Teens who drink energy drinks a lot are more likely to get head injuries than those who don't consume the highly caffeinated beverages, a new study from Canada suggests.

Researchers analyzed information from a survey of more than 10,000 middle and high school students ages 11 to 20 in Ontario in 2013. Students were asked about their energy drink consumption, as well as whether they had experienced a traumatic brain injury (TBI), meaning they had sustained a blow to the head that left them unconscious for at least 5 minutes, or resulted in an overnight hospital stay.

About 22 percent of students said they had experienced a traumatic brain injury (TBI) in their lifetimes, and 6 percent said they'd had a TBI in the last year. Most of these injuries occurred while the teens were playing sports.

There was a link between energy drink consumption and having experienced a TBI. In the researchers analysis, they compared teens' odds of having a TBI in the past year with their odds of not having one. They found that for teens who had consumed energy drinks in the past week, the increase in odds of having a TBI was five times greater than it was for teens who didn't consume energy drinks at all. 

In other words, teens who consumed the drinks were far more likely to have a TBI than those who did not.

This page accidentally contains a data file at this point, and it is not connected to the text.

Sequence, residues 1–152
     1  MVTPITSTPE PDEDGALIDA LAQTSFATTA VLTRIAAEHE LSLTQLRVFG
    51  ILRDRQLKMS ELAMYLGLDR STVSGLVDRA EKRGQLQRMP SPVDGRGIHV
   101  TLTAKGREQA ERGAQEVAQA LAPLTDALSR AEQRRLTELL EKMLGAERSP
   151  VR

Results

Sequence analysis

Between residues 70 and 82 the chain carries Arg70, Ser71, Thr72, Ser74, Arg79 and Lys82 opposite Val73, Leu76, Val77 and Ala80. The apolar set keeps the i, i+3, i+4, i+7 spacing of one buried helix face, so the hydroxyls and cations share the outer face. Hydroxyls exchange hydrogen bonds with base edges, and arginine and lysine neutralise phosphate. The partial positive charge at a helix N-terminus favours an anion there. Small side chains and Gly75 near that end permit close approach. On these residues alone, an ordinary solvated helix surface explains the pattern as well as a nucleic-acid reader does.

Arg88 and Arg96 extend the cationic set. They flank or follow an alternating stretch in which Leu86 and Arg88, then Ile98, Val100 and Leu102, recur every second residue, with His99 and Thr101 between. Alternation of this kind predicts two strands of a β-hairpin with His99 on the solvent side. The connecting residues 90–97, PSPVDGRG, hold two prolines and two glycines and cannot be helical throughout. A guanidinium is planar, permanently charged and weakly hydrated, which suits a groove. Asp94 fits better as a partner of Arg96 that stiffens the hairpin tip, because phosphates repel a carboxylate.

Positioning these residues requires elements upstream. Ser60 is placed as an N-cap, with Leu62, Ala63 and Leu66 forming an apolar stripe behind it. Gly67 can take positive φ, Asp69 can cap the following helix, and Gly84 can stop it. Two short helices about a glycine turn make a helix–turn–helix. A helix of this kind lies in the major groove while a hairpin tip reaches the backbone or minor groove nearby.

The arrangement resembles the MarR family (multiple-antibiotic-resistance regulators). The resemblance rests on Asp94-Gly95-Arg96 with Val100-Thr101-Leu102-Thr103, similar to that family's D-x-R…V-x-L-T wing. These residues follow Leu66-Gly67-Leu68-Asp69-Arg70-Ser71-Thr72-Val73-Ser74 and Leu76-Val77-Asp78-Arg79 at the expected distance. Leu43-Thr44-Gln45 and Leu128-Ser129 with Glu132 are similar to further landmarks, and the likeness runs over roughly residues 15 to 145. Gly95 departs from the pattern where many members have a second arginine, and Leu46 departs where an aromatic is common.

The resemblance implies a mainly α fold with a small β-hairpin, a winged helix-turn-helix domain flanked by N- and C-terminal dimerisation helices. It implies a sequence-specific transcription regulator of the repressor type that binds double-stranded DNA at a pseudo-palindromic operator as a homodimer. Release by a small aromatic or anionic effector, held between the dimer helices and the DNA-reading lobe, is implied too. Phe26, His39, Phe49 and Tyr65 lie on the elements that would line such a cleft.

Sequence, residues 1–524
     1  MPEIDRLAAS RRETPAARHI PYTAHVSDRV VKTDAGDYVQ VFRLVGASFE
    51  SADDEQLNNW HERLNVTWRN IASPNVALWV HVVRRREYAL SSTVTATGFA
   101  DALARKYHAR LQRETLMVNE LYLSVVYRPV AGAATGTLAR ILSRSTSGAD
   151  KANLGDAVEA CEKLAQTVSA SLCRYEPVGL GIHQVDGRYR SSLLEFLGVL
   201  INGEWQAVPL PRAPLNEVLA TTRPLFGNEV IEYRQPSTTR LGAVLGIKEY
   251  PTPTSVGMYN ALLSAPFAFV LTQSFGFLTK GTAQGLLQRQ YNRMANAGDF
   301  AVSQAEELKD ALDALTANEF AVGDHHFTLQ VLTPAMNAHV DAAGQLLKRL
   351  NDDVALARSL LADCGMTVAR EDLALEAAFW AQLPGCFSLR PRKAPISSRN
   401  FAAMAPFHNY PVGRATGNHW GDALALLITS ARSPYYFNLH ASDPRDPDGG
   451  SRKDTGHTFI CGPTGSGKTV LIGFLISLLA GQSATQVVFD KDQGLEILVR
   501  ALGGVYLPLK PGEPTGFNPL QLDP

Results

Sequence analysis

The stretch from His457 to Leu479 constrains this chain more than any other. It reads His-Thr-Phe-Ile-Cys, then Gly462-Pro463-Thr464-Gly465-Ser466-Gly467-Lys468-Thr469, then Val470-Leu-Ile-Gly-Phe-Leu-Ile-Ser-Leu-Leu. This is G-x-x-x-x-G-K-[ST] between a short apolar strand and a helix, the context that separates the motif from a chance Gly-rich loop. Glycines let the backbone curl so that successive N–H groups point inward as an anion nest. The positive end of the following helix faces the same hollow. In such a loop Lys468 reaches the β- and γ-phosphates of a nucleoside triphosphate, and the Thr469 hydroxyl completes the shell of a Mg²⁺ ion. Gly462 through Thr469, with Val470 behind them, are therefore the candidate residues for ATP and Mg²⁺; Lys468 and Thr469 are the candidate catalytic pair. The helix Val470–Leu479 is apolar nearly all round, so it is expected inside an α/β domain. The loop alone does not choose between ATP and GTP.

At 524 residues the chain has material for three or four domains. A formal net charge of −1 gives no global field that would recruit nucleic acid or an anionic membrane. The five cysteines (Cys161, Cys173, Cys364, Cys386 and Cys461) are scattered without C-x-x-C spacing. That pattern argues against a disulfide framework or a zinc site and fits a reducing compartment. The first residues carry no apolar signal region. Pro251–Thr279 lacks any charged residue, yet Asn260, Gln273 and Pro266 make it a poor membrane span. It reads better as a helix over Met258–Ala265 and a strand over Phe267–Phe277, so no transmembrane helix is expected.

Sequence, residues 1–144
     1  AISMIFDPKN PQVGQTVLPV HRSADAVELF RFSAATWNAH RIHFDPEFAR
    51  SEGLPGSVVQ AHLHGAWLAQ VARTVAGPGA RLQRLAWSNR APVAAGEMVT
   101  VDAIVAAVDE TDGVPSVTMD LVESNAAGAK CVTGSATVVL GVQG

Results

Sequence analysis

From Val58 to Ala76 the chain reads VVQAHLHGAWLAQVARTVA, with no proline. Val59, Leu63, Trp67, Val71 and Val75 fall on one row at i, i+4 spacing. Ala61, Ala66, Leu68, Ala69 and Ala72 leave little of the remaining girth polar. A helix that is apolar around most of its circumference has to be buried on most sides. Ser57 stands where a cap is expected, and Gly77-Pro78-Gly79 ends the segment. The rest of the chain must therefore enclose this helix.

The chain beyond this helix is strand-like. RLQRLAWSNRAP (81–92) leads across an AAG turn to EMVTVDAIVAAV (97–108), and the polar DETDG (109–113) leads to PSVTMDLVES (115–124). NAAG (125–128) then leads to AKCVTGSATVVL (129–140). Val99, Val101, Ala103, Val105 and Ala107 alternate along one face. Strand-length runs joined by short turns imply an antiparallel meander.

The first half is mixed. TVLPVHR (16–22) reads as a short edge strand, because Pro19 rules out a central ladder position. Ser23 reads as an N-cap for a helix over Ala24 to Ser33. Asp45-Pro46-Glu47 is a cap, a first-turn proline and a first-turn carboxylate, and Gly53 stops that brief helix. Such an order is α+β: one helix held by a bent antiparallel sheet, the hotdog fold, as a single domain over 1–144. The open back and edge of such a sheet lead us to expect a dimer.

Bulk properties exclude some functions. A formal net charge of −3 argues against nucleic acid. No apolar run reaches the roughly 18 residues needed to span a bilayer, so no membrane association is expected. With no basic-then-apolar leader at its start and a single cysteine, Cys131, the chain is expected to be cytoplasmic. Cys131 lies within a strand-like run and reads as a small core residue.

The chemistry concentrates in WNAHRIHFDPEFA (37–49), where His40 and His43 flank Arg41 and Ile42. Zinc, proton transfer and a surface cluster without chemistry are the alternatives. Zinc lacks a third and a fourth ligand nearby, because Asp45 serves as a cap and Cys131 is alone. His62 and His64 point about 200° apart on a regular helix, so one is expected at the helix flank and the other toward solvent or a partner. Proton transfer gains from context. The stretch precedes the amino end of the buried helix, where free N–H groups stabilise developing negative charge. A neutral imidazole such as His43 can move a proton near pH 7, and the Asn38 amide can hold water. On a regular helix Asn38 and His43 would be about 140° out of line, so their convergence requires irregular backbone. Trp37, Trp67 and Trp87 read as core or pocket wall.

The findings are concerning, because energy drinks might interfere with the body's ability to heal from a TBI, the researchers said.

"Energy drinks, such a Red Bull and Rockstar, contain high levels of caffeine and change the chemical state of the body, which can prevent people from getting back on track after a TBI," study co-author Dr. Michael Cusimano, a neurosurgeon at St. Michael's Hospital in Toronto, said in a statement. "Brain injuries among adolescents are particularly concerning because their brains are still developing."

It's also possible that consuming energy drinks might increase a person's chances of experiencing another TBI, the researchers said. [5 Health Problems Linked to Energy Drinks]

However, the study found only an association between energy drinks and TBI; the researchers said they don't know which happened first, and cannot prove that drinking energy drinks increases teens' risk for TBI.

It's possible that people who consume energy drinks also have other underlying factors that predispose them to experiencing a TBI, the researchers said. For example, these individuals could have a personality type that tends to take risks. Or, it could be that teens who have experienced a TBI start consuming energy drinks as a way to cope with the effects of their injuries, the researchers said.

The new findings may not be surprising, given that previous studies have found that young athletes often consume energy drinks, and athletes are also at risk of TBI, the researchers said. But the new study also found a link between energy drink consumption and TBIs that teens got in other ways, such as falling down or getting in a fight.

Future studies are needed to better understand the reason for the link between energy drink consumption and TBI, and to examine exactly why teens are drinking these beverages, the researchers said.

The study is published today (Sept. 16) in the journal PLOS ONE.

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